Five-year-old Olivia is blessed with an excellent sense of rhythm and sings so sweetly. With the help of her music therapist from Nordoff Robbins Music Therapy Charity, she has learned to express herself and to connect with her family and friends.
Weekly music therapy sessions from Nordoff Robbins Music Therapist Ellie Fletcher at the hospice take Olivia’s mind off the chemotherapy she has been having since being diagnosed with a brain tumour. Music also allows her to explore her other senses since losing most of her vision.
Mum Lisa Taylor said: “Olivia has some really good friends. The kids at her school are amazing with her and because the music therapy is held during the school day it is just such a good way for her to connect with them. They can’t wait to be picked to join her for music on a Friday!”
Since being diagnosed with the tumour, an optic nerve glioma, she has endured 20 months of intense chemotherapy, a short break and then another 18 months of less severe chemotherapy.
Lisa said: “Luckily the second lot of chemo was less harsh and had fewer side effects. She has finished the chemo now and her next scan will be in June. Although we will never be in remission, we hope for continued stability. Treatment could potentially continue until she is 18.
“The tumour was a grade one which meant it was slow growing, but Olivia’s vision probably won’t return, although she does seem to have some light perception. At the moment she seems to have no cognitive deficit – just her loss of sight.”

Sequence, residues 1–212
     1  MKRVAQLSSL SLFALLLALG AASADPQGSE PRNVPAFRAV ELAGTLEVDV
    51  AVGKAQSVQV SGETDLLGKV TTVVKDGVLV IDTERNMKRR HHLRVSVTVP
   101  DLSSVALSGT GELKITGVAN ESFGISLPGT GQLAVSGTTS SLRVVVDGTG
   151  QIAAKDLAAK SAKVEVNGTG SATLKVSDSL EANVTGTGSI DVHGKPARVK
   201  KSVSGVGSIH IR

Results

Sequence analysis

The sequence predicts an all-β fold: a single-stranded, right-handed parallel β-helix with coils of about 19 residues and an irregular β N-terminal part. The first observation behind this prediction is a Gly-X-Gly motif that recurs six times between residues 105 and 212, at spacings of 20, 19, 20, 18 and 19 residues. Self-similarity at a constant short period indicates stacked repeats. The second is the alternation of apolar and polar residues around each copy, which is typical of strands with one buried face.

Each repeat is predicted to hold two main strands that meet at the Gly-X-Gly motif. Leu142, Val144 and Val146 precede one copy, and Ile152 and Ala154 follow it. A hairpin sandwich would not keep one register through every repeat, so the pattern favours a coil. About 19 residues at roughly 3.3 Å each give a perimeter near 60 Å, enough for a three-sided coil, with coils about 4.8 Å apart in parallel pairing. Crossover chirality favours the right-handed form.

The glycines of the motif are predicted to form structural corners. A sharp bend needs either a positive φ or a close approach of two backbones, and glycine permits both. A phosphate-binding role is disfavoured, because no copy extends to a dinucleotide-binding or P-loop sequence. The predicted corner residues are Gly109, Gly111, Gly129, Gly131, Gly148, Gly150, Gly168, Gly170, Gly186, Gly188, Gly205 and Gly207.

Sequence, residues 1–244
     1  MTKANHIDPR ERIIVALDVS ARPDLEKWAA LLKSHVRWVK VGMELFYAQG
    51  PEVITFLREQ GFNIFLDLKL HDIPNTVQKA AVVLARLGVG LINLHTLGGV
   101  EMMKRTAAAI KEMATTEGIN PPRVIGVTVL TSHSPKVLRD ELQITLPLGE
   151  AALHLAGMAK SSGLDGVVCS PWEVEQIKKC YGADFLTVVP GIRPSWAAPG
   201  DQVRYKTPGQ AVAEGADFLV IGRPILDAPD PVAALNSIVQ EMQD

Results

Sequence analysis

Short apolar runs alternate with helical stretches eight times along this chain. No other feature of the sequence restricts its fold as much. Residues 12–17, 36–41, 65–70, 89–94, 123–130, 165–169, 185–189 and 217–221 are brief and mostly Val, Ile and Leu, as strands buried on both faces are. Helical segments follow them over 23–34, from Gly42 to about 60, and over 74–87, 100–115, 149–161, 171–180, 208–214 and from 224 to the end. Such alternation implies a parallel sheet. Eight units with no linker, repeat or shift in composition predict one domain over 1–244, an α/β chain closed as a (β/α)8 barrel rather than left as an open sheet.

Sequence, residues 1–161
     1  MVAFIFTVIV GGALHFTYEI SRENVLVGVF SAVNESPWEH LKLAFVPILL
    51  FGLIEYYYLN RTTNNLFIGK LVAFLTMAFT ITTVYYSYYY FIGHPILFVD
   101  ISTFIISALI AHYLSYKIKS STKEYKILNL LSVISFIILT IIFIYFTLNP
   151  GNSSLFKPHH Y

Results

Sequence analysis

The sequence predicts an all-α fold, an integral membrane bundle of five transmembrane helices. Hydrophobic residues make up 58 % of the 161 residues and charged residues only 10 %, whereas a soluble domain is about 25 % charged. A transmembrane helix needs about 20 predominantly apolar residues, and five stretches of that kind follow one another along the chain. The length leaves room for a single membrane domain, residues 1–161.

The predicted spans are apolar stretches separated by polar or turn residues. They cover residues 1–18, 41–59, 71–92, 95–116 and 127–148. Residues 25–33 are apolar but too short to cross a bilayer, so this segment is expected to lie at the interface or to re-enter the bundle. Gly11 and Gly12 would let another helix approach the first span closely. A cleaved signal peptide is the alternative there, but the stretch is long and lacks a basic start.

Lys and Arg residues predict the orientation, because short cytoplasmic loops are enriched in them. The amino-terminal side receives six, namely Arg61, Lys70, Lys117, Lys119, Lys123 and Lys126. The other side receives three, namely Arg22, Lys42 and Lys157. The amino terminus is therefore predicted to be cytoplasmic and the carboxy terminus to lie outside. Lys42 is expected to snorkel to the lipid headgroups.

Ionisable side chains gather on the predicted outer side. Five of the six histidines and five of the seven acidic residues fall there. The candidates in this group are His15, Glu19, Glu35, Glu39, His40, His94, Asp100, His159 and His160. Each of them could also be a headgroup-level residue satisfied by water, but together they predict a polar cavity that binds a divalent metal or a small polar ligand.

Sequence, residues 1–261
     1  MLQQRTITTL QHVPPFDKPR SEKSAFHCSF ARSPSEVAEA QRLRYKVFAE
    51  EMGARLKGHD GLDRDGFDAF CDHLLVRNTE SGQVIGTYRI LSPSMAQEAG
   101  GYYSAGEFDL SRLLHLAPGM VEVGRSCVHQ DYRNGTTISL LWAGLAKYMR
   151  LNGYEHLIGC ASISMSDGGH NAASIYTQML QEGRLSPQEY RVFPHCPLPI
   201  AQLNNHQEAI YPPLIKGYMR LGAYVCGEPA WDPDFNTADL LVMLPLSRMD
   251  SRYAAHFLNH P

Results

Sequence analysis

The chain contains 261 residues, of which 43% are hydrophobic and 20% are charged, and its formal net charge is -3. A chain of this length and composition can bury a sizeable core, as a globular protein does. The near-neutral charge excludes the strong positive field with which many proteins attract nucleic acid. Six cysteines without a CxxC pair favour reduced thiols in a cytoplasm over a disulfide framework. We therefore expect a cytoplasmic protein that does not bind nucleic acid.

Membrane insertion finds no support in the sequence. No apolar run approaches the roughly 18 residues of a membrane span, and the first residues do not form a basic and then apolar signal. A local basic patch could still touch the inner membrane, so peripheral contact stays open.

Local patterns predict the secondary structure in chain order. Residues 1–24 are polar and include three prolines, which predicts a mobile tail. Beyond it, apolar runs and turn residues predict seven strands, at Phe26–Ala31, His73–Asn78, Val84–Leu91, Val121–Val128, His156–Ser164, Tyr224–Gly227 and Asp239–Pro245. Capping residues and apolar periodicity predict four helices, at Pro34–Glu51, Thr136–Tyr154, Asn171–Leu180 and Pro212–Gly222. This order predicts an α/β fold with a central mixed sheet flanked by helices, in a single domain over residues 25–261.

Both Lisa and her husband Matt work full time. Lisa, a recruitment manager for a tech company, is thankful she can work from home on a regular basis. It allows her more time to spend with Olivia and her little sister Imogen, who is two.
Olivia has her music therapy sessions at her school, on a Friday and on Friday evening she has her chemotherapy at the Queen Elizabeth Hospital.
Lisa said: “Olivia goes to a mainstream school which has a visual impairment unit so she can have cane training and help with mobility. She also knows all her letters in braille now.
“The weekly music therapy sessions are so important because when the other children are reading and writing, she is learning braille – but with music they are all learning the same thing and connecting with each other. Because she has music therapy, Olivia loves Fridays. I would recommend music therapy to anyone in our situation. It is one of the things Olivia has in her life that’s not medical.
“She has blood tests on Thursdays ready for chemo on Fridays and then she feels unwell until Monday or Tuesday, so the music therapy gives her something to look forward to. It’s a way to express herself, but not by talking to doctors and nurses. It’s not clinical.”
The Taylor family have also used some of ellenor’s other services during Olivia’s illness, including respite care and nurse visits to their home, and Lisa has had a couple of massages from the therapists in the Wellbeing Team.